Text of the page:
Zadie Smith is so thoroughly impressive as a human being – she’s smart, witty and a tenured professor of fiction at New York University.
Her first novel, White Teeth, she wrote while in her third year at King’s College Cambridge and even when you can’t quite latch on to her writing, you wish you could, as though it’s your fault for not being intellectual and insightful enough.
This is the struggle with Swing Time. The characters are so brilliantly drawn, the minutiae of their worlds and cultural contexts so perfectly illustrated, but there’s so little to find endearing in them, that it’s possible to set them down and have no drive to pick them back up.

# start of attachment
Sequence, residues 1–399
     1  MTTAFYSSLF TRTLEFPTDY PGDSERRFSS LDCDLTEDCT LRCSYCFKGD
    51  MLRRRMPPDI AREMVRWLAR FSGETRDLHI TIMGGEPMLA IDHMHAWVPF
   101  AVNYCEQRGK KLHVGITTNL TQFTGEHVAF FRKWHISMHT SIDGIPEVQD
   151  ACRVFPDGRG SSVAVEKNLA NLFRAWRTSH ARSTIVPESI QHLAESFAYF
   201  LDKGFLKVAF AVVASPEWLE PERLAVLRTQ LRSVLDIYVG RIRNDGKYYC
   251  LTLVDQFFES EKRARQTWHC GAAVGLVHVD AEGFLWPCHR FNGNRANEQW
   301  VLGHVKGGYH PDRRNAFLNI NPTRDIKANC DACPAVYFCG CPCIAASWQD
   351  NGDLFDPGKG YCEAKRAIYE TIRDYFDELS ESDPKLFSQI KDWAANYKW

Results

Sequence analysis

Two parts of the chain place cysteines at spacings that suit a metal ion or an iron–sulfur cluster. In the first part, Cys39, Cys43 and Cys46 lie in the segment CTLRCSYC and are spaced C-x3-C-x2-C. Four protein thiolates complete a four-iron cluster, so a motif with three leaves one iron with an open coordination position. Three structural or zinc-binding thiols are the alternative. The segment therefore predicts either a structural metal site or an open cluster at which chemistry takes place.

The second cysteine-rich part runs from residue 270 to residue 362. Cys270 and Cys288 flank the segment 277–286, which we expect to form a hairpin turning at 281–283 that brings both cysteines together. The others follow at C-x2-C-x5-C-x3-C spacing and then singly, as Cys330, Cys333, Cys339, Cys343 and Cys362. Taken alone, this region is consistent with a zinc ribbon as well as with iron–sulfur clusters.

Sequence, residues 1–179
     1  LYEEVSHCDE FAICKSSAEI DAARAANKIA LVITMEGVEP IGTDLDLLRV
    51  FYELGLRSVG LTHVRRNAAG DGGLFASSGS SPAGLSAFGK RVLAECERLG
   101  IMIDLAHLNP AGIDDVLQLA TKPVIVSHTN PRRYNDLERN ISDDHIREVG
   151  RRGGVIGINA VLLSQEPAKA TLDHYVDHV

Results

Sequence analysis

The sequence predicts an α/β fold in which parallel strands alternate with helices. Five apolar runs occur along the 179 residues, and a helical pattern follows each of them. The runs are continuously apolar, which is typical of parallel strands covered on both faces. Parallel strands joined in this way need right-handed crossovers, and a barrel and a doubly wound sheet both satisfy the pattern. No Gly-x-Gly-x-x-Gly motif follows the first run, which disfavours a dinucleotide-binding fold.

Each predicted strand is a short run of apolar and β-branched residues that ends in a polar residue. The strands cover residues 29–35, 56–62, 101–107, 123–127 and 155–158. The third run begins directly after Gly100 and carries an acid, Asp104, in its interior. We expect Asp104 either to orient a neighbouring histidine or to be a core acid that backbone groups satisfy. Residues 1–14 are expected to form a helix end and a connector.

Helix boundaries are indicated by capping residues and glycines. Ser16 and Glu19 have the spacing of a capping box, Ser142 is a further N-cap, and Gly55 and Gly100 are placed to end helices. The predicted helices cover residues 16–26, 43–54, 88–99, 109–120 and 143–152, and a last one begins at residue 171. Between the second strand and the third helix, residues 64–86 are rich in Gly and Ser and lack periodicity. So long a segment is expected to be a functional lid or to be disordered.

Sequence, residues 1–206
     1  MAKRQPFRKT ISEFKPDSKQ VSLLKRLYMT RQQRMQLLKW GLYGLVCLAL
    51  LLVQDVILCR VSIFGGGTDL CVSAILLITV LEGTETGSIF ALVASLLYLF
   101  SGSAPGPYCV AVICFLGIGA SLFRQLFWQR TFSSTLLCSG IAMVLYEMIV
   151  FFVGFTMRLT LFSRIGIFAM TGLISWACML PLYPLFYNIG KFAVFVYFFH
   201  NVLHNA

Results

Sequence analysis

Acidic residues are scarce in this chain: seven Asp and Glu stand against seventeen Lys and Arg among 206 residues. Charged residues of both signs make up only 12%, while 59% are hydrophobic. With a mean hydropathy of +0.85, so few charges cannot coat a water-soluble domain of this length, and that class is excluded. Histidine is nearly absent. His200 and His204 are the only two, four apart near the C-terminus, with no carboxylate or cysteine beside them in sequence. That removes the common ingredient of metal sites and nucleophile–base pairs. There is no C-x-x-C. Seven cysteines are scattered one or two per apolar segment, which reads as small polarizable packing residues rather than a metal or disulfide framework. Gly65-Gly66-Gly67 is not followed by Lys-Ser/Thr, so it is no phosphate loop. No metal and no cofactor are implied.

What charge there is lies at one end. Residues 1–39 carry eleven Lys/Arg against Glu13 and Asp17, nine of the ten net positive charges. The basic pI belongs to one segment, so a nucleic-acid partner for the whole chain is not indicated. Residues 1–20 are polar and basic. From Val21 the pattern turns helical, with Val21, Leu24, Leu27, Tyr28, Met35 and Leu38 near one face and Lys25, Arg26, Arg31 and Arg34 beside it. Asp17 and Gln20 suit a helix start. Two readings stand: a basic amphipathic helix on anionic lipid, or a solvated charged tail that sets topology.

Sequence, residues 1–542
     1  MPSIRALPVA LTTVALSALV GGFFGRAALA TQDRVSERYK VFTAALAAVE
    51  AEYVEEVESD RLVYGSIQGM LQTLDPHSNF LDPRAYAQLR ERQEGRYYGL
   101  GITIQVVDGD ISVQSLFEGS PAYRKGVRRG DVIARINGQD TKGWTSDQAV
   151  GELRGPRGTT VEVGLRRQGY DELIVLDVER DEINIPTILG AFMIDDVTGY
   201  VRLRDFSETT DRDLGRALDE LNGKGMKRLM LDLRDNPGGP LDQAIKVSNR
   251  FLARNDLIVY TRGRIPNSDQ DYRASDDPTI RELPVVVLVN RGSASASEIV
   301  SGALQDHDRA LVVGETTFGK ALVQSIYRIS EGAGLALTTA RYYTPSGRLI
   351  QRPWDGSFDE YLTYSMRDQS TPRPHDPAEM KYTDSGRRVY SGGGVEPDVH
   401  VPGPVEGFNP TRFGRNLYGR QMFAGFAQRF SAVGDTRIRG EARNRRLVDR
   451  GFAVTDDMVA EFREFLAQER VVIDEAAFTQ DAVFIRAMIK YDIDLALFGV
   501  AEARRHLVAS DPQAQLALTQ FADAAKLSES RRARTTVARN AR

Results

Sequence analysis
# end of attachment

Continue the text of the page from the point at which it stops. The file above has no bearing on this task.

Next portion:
It tells of two friends, bound by the North-West London neighbourhood they grew up in and their dreams of becoming dancers, although only one of them has the talent for it.
Their relationship is one stricken by power plays, jealousy and the fear of being outshone and ditched, the constant disappointments of which are exhausting to read.
Meanwhile, a strand set in West Africa, wrapped up in a celebrity sub-plot, is vivid and intriguing, but unsatisfying and infuriating. Swing Time wows when it comes to language and characterisation, but it’s also a bit of a slog.
Published in hardback by Hamish Hamilton, priced £18.99 (ebook £8.99)
By Ella Walker